FIG. 5 illustrates components associated with the formatting component 108 that can be employed for preparing and inserting information into the spreadsheet report 314. The formatting component 108 can include a content component 500 for preparing content for insertion by, for example, automatically resizing the content based on available real estate of a sheet in which the content is intended to be presented. For example, if text content (included as part of the relevant and/or related information) is determined to take a significant portion of a sheet, given that there may be other content (a graph) that should also be presented on that sheet, the content component 500 can automatically configure the column and/or row settings of the spreadsheet program to provide a more suitable presentation that includes both the textual content and the associated graph content.

In support of such capabilities, the formatting component 108 can also include a conversion component 502 for converting relevant and/or related information into a format suitable for the spreadsheet program. For example, information returned is not limited to textual content, but can also include image content in the form of image file formats (e.g., TIFF, GIFF, PDF, JPEG). For example, according to one user configuration setting, image content returned for spreadsheet presentation can be limited to a small file format such as JPEG, in order to reduce the file size of the spreadsheet report 314. This capability is particularly useful when the user device is a handheld portable device (e.g., cell phone) having reducing processing and presentation capabilities. As service providers strive to provide more services, this capability to automatically accommodate spreadsheet reporting based on device capabilities (or lack thereof) can be a benefit.

Along these same lines, the formatting component 108 can include a compression component 504 for compressing content (e.g., image, text) for insertion, and/or the whole spreadsheet report 314 for transmission or other forms of processing. The capability to accommodate many different device software and/or hardware limitations is supported by not only converting content into the desired format and/or file size but also by compressing information for more expeditious handling. This can include secure compression of some or all of the content within the report 314 thereby controlling what the intended or untended recipient can perceive or systems can access. In one example, the capability to output a compressed XML (extensible markup language) format is provided.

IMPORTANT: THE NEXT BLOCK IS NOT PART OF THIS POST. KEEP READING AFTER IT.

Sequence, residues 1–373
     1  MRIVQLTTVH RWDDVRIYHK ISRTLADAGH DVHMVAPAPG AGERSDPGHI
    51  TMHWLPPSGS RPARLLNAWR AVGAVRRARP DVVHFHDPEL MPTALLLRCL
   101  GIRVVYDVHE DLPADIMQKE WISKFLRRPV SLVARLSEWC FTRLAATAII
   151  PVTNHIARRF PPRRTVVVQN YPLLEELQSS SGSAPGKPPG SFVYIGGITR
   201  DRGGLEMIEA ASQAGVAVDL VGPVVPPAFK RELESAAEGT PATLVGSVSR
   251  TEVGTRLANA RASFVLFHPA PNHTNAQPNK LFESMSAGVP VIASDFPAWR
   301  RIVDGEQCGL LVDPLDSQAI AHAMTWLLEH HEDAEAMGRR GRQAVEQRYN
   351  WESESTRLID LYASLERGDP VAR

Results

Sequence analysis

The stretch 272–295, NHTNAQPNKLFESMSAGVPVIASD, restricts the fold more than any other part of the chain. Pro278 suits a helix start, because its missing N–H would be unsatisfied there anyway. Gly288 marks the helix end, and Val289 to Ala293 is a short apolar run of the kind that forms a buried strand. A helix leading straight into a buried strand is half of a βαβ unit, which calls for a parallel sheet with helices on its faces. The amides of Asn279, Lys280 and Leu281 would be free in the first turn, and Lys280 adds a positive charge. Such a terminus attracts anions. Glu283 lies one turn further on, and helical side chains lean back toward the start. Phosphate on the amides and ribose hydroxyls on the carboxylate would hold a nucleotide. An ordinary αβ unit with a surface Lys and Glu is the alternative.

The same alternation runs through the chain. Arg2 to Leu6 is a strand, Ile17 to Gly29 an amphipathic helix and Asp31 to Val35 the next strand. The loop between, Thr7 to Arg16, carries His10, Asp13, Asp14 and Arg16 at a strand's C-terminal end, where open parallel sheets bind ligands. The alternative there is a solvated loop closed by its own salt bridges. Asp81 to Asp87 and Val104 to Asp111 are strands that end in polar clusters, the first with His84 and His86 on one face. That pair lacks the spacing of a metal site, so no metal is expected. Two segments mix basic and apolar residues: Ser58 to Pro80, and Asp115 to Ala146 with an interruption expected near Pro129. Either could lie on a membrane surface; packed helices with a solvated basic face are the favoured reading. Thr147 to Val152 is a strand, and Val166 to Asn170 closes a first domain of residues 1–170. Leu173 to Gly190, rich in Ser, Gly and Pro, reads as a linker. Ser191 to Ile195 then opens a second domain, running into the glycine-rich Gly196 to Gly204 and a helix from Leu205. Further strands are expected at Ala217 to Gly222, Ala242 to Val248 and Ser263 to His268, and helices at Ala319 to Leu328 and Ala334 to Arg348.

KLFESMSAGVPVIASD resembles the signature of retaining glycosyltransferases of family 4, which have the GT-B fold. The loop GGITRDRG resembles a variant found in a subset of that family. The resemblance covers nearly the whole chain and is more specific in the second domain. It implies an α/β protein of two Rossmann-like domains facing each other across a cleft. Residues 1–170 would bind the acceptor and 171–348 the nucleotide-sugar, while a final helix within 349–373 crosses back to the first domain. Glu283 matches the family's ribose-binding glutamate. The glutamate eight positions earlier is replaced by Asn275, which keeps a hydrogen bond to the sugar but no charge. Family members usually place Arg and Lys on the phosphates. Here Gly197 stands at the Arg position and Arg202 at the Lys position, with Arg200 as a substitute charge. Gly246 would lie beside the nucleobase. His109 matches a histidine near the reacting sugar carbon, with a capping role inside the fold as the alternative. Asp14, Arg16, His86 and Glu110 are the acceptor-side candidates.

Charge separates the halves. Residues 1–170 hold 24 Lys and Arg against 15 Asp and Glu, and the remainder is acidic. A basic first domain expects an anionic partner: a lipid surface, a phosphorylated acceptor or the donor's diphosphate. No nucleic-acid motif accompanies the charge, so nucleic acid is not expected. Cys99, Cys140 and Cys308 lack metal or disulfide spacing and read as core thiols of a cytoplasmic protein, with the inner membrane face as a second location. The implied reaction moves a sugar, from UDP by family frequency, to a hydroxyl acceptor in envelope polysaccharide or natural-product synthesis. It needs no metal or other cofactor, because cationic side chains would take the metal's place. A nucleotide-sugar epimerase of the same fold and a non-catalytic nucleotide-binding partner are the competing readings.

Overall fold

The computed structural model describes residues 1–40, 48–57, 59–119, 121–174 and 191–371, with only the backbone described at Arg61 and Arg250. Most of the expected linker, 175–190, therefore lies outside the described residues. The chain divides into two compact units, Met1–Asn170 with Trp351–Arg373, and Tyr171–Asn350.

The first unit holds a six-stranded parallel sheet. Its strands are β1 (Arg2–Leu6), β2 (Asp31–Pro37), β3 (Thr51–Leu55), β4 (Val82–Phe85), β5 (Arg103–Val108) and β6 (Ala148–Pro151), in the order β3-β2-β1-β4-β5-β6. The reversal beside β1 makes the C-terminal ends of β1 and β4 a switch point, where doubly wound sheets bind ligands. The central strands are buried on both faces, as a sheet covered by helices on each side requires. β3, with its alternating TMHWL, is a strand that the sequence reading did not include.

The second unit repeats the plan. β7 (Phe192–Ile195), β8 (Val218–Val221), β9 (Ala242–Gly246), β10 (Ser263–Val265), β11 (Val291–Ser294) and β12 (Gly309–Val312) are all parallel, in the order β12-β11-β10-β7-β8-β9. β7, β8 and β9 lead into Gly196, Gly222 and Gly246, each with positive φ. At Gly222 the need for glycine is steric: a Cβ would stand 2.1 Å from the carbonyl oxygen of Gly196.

The formatting component 108 can also include a capture component 506 for image capture (or snapshot) of information for processing into the report 314. The capture component 506 can include the capability of, for example, obtaining information captured and stored in a clipboard file. Other capture capabilities can include receiving image and/or video content received by a camera system, which is commonly included as part of handheld devices such a mobile phones and portable computers, and which can be provided in video conferencing systems and desktop computing camera systems.

Note that the capture component 506 can be associated with compiling a “snapshot” of the state of data at a particular point in time, rather than image capture. Accordingly, data snapshots can be presented in support of showing the progression or changes in information models over time. In the context of KPIs, data snapshots can be of particular importance to monitor changes in corporate well-being, for example. In all cases, the capture component 506 can be operated automatically and/or manually, based on user configurations.